* Iran does not have capacity or intent to attack U.S. -
* Turkey says attack on Iran would be disaster, wants more
* Tehran launches more military exercises, threatens
(Recasts with Obama quotes, adds background)
By Laura MacInnis and Parisa Hafezi
WASHINGTON/TEHRAN, Feb 5 U.S. President
Barack Obama said on Sunday there were important risks to
consider before any military strike against Iran and made clear
he does not want to see more conflict in the oil-producing Gulf
In a television interview, Obama also said he did not
believe Tehran had the "intentions or capabilities" to attack
the United States, playing down the threats from Tehran and
saying he wanted a diplomatic end to the nuclear standoff.
"Any kind of additional military activity inside the Gulf is
disruptive and has a big effect on us. It could have a big
effect on oil prices. We've still got troops in Afghanistan,
which borders Iran. And so our preferred solution here is
diplomatic," Obama said.
His comments echoed concerns expressed by earlier by Iran's
neighbor Turkey that an attack on Iran would be disastrous.
Obama, who is up for re-election in November, has ended the
U.S. war in Iraq and is winding down combat in Afghanistan amid
growing public discontent about American war spending at a time
when the economy remains shaky.
He said Israel had not yet decided what to do in response to
the escalating tension but was "rightly" concerned about
"My number one priority continues to be the security of the
United States, but also the security of Israel, and we are going
to make sure that we work in lockstep as we proceed to try to
solve this, hopefully diplomatically," he told NBC.
Iranian leaders have responded sharply to speculation that
Israel could bomb Iran within months to stop it from assembling
nuclear weapons, threatening to retaliate against any country
that launches an attack against the Islamic Republic.
Iran says its nuclear program is meant to produce energy,
But its recent shift of uranium enrichment to a mountain
bunker - possibly impervious to conventional bombing - and
refusal to negotiate peaceful guarantees for the program or open
up to U.N. inspectors have raised fears about Iran's ambitions
as well as concerns about Gulf oil supplies.
Although tough sanctions from the United States and Europe
have begun to inflict economic pain in Iran, its oil minister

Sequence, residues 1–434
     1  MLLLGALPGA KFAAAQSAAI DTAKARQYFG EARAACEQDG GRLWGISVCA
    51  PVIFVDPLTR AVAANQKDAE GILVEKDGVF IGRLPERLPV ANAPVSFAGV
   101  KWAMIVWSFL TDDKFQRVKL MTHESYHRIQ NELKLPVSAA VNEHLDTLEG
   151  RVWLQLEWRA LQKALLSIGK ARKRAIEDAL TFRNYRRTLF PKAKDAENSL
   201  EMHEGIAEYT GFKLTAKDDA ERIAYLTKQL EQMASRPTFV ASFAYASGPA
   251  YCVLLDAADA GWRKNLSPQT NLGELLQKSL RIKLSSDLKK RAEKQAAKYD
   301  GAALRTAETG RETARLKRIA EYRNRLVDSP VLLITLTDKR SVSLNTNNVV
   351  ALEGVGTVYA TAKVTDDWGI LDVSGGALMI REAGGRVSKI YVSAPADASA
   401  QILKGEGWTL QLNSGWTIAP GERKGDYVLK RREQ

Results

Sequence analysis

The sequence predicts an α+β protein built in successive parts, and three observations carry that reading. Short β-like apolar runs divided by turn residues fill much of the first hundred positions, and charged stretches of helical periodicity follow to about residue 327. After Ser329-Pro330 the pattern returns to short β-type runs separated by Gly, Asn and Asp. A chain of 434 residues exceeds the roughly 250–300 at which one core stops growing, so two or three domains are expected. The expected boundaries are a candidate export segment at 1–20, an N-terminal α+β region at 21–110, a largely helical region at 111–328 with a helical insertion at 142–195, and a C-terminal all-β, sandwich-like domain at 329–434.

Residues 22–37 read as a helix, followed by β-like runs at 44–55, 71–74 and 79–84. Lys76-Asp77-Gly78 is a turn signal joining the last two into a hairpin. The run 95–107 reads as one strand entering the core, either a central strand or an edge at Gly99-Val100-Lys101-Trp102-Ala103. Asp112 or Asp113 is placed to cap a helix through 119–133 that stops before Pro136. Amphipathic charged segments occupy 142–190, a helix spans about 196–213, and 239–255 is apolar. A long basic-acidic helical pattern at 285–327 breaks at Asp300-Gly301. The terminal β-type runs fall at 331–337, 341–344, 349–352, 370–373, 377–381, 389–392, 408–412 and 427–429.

asserted on Saturday it would make no nuclear retreat even if
its energy exports ground to a halt.
Betraying nervousness about the possibility of a military
strike on Iran, two of its neighbors - Qatar and Turkey - urged
Western powers on Sunday to make greater efforts to negotiate a
solution to the nuclear dispute.
Speaking at a security conference in Munich, Turkish Foreign
Minister Ahmet Davutoglu said an attack would be a disaster and
suggested the dispute over Iran's nuclear program could be ended
"If there is strong political will and mutual confidence
being established, this issue could be resolved in a few days,"
he said. "The technical disputes are not so big. The problem is
mutual confidence and strong political will."
He added: "A military option will create a disaster in our
region. So before that disaster, everybody must be serious in
negotiations. We hope soon both sides will meet again but this
time there will be a complete result."
Qatari Deputy Foreign Minister Khalid Mohamed al-Attiyah
said an attack "is not a solution."
"I believe that with our allies and friends in the West we
should open a serious dialogue with the Iranians to get out of
this dilemma. This is what we feel in our region," he said.
Turkey hosted talks between Western powers and Iran a year
ago that ended in stalemate because the participants could not
agree on an agenda.
Despite Obama's stated preference for a diplomatic solution,
he said from the White House on Sunday he would not take options
off the table to stop Iran from getting nuclear weapons.
"We're going to do everything we can to prevent Iran from
getting a nuclear weapon and creating an arms race - a nuclear
arms race - in a volatile region," he said in the interview.
Any military strike on Iran, which might include an attack
on the oilfields of No. 1 exporter Saudi Arabia, could send oil
prices soaring, which could seriously harm the global economy.
Tehran has warned its response to any such strike would be
"painful," threatening to target Israel and U.S. bases in the
Gulf, and warning it may close the Strait of Hormuz used by one
third of the world's seaborne oil traffic.
The elite Revolutionary Guards began two days of military
maneuvers in southern Iran on Saturday in a show of force for
Iran's adversaries. On Sunday, the deputy of that unit said Iran
was ready to attack any country whose territory is used by
"enemies" to launch a military strike against it.
"Any spot used by the enemy for hostile operations against
Iran will be subjected to retaliatory aggression by our armed
forces," Hossein Salami told the semi-official Fars news agency.
The Gulf states that host U.S. military facilities are Qatar,
Bahrain and Kuwait.
Experts currently estimate the longest range of an Iranian
missile to be 1,500 miles (2,400 km), capable of reaching Israel
and Europe. Las week, Israeli Vice Prime Minister Moshe Yaalon
said Iran had been working on a missile that could strike the
United States, with a range of 6,000 miles (10,000 km).
Asked about that risk, Obama said there was little sign of a
pending Iranian attack on U.S. soil. "We don't see any evidence
they have those intentions or capabilities right now," he said.
(Additional reporting by William Maclean in Munich, Michael
Holden in London and Aruna Viswanatha in Washington; Writing by
Laura MacInnis; Editing by Doina Chiacu)